Stronger follow-up on EU organ donation action plan is necessary, health expert says

The EU Action plan on organ donation has encouraging greater co-operation on organ donation and transplants but stronger follow-up on its implementation is necessary, a Croatian health policymaker told EURACTIV in an interview. EPA-EFE/SASCHA STEINBACH

This article is part of our special report Reviving EU ambition on organ donation and transplantation.

The EU Action plan on organ donation has been encouraging greater co-operation on organ donation and transplants but stronger follow-up on its implementation is necessary, a Croatian health policymaker told EURACTIV in an interview.

“The ongoing political focus on this sensitive field of public health is essential to ensure its further sustained advancement,” said Mirela Bušić, who was appointed in 2003 as the national transplant coordinator at Croatia’s health ministry.

The EU action plan was put forward by the European Commission in 2008 as a non-binding tool to strengthen cooperation among member states on organ donation and transplantation.

It helped improve national policy and the activities of organ donations, according to a Commission impact study in 2017 which found that there had been an increase of 4,641 transplants within the EU.

According to Bušić, member states now need to further strengthen capacities and enhance governing and clinical leadership in deceased organ donation.

“A broader collaboration at the national and EU level should be strongly promoted, as it is a shared responsibility of the national competent authorities and relevant professional societies such as critical care, neurology, emergency,” she said.

Room for improvement

In particular, deceased organ donation pathway should be systematically integrated within hospitals’ end-of-life policies to ensure that an opportunity for organ donation in hospital settings is never missed.

In her view, it is crucial to ensure that the end-of-life decision-making process, when medically appropriate, respectfully addresses organ donation in the context of the patient’s best interest and preferences.

Among the recommendations made by the Commission in its 2017 assessment, the EU executive stressed the need to understand and overcome obstacles that critical care professionals face to incorporate donation in end-of-life care plans.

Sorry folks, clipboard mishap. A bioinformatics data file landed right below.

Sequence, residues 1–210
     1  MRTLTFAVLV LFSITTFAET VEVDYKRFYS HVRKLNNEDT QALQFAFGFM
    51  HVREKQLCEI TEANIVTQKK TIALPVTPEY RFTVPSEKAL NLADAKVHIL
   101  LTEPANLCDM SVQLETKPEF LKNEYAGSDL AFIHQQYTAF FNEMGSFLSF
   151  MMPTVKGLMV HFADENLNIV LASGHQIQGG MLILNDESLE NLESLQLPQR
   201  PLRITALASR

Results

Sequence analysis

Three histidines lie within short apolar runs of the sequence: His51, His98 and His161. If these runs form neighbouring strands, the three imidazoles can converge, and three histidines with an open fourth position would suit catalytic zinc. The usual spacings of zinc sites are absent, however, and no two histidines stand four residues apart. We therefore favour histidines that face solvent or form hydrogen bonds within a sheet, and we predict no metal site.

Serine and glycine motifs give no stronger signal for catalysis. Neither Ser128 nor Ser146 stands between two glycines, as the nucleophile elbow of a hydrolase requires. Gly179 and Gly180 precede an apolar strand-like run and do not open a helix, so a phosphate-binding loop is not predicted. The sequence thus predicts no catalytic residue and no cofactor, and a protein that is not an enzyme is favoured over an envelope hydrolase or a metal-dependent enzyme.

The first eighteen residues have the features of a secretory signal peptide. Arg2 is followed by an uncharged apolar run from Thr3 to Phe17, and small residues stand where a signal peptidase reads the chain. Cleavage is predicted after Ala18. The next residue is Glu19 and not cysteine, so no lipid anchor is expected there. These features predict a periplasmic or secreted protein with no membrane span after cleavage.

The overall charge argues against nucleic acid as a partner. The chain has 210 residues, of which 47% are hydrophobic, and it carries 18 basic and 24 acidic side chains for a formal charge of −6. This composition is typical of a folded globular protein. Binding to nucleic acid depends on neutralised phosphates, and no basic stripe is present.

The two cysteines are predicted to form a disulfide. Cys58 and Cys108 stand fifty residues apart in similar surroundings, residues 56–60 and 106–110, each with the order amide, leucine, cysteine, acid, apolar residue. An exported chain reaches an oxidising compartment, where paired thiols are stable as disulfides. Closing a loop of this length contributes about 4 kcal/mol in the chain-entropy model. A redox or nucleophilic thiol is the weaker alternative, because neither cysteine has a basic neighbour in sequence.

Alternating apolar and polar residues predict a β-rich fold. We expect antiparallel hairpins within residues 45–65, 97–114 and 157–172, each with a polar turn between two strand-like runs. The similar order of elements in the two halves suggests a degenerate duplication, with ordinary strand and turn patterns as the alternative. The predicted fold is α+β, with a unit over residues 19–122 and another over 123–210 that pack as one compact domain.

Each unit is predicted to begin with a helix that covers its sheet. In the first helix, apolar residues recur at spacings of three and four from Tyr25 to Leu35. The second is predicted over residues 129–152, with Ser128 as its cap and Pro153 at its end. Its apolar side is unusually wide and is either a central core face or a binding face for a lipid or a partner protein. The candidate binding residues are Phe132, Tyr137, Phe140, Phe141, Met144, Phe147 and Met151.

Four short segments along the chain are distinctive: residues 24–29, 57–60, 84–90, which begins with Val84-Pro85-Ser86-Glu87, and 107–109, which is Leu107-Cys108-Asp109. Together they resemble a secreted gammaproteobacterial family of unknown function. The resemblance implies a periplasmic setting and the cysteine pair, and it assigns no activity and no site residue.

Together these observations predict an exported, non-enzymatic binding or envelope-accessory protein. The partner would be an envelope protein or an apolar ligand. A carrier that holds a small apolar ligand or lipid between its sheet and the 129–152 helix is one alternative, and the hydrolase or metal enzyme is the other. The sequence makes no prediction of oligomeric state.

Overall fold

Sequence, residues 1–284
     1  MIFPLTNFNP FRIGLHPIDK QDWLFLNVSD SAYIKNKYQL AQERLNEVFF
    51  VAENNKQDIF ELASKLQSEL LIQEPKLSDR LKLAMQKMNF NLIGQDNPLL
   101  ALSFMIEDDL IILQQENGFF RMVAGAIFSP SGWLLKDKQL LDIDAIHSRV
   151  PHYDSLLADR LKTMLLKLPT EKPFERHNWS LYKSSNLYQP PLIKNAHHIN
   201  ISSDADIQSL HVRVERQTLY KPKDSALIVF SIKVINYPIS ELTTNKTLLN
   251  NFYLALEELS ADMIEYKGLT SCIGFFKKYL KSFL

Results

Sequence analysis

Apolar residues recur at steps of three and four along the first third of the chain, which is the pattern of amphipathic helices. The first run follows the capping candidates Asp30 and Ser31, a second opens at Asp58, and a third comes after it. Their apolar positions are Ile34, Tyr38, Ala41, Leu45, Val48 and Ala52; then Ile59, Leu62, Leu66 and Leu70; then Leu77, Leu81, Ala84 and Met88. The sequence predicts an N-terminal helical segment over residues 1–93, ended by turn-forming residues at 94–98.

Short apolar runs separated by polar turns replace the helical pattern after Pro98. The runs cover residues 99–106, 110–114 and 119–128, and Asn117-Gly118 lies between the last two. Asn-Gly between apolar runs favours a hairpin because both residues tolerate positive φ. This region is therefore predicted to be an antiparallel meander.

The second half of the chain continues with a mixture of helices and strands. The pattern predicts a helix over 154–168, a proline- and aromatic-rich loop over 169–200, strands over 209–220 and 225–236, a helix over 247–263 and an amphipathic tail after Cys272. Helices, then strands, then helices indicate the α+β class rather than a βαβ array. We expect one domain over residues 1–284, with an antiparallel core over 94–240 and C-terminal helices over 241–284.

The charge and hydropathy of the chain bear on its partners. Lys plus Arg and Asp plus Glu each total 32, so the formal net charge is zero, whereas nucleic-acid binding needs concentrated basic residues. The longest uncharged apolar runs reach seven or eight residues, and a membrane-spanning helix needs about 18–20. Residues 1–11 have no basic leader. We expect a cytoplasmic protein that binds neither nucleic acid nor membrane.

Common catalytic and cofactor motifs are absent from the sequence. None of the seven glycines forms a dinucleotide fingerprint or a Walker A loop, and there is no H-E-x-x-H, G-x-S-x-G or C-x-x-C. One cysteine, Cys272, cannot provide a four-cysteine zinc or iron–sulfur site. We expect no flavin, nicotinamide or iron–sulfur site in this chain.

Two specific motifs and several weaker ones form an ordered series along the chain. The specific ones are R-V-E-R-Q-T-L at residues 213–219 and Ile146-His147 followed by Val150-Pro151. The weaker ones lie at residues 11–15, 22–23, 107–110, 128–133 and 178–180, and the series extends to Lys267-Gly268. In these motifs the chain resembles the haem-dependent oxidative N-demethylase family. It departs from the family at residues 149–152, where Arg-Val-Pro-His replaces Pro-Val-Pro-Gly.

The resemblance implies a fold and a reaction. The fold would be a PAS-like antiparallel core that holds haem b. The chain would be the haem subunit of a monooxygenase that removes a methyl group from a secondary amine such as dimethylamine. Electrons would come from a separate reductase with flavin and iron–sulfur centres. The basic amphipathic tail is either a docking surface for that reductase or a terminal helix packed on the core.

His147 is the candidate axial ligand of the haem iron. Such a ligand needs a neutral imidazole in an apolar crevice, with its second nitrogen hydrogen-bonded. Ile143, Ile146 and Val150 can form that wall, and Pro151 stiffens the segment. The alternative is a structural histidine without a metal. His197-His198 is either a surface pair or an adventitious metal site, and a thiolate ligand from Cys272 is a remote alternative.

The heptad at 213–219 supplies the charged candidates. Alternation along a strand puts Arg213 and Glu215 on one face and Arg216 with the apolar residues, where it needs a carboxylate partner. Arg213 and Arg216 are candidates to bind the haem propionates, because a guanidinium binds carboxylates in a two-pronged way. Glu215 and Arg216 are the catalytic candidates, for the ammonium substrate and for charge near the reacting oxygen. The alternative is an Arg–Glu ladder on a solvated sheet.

“For such a highly sensitive and optimized approach, critical care professionals should be trained properly and systematically,” she said.

She added that funding for the development of training programs, educational platforms, methodology and tools for more effective monitoring on quality indicators and hospital performance in deceased organ donation should be ensured at both national and common EU levels.

“Additionally, transplantation registries are essential to measure outcomes, improve quality and safety standards and ensure transparency, which in turn promotes equity and benchmark transplantation practice,” she stressed.

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Croatia’s donation culture

Croatia’s Ministry of Health carried out a 10-year stepwise approach from 2001 to 2011 to boost organ donation. It resulted in a 5-fold increase in deceased organ donation rate, from 7 to 35 per million people.

In 2015, the donor rate reached 40 per million population, putting Croatia among the countries with the highest capacity in terms of provision of deceased organ donation and transplantation services.

“The altruistic act of donation, as a highly appreciated gesture of loving care for others, has been nourished in Croatia for decades,” Bušić said.

Integration of the topic of organ donation in school curricula, along with public campaigns focusing on “real stories”, has created a positive public perception of organ donation.

Therefore, the “culture“ of altruistic deceased organ donation is widely embraced – as well as tissue, cells and blood donation, by Croatian society.

“The Croatian transplantation program is comprehensively grounded on the highest professional standards and ethical principles of altruistic donation, solidarity and equity that all successfully mirror the WHO guiding principles,” Bušić concluded.

Speaking before the European Parliament’s health committee (ENVI) in January, Croatian Health Minister Milan Kujundžić listed organ donation and transplantation among the current Croatian presidency health priorities, together with ageing and cancer care.

However, a High-Level Conference on Organ Donation and Transplantation in Zagreb has been cancelled, along with other meetings, to limit the spread of COVID-19 pandemic.

A Croatian spokesperson told EURACTIV that, given the crisis and the fact that experts were engaged in the fight against COVID-19, the presidency concluded that there was no room for a quality contribution on this topic.

“We will continue to work actively with the Commission and member states on this topic in the forthcoming period, taking into account, in particular, the presented legislation on the evaluation of blood, cells and tissues.

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